Following the lead of the United States Senate, most media coverage of the immigration debate misses the point.Remember that McCain is the guy who was quoted in Vanity Fair as saying
For example, a recent Associated Press story noted that since both Presidential candidates support a path to citizenship, immigration reform won’t be a “major point of differentiation” between them.
In reality, arguing over the details and nuances of a “path to citizenship” is a secondary part of the debate for most Americans. If the public perceives a distinction between John McCain and Barack Obama when it comes to securing the border, that will be a significant “point of differentiation.”
Polling consistently and repeatedly shows that the highest priority for most voters is securing the border to reduce future illegal immigration. A Rasmussen Reports telephone survey released earlier this month showed that 63% of voters view gaining control of the border as the higher priority. Just 28% say “legalizing the status of undocumented workers” is more important.
A year ago, the United States Senate tried to pass legislation that focused primarily on legalizing the status of undocumented workers. While it had overwhelming support in official Washington, the bill failed due to massive public opposition. In the end, only 22% of American voters supported the legislation because hardly anybody thought it would reduce illegal immigration in the future.[ McCain, Obama Talk Immigration, Media Misses the Point, June 30, 2008 ]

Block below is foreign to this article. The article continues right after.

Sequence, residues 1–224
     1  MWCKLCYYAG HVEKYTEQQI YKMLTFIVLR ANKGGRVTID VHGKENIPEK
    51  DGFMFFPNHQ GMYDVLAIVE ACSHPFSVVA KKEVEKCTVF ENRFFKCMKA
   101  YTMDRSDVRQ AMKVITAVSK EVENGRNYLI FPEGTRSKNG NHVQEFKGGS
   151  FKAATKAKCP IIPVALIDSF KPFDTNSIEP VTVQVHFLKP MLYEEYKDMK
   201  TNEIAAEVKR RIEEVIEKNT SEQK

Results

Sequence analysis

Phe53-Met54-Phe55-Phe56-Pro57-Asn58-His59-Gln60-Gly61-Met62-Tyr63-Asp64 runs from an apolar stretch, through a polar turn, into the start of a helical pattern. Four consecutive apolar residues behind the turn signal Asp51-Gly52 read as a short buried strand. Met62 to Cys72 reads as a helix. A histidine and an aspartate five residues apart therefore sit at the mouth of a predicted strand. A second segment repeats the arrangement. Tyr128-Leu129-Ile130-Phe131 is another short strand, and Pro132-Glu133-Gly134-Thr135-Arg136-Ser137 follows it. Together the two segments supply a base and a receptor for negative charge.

Then he added, unable to help himself, “By the way, I think the fence is least effective. But I’ll build the goddamned fence if they want it.”He's also the guy who said June 5, 2007 that “We Are Not Going To Erect Barriers And Fences “
Nobody trusts McCain on this issue.
Another interesting point from Rasmussen:
Voters upset about immigration are angry at the federal government (which may be the reason so many in Washington miss the point).Apparently no one trusts the federal government, either.
One reason for the anger is that Americans overwhelmingly believe immigrants should be encouraged to fully embrace America’s culture, language, and heritage. But, only a third believe that most government officials share this view. A plurality believes that most government officials encourage immigrants to retain the culture of their home country.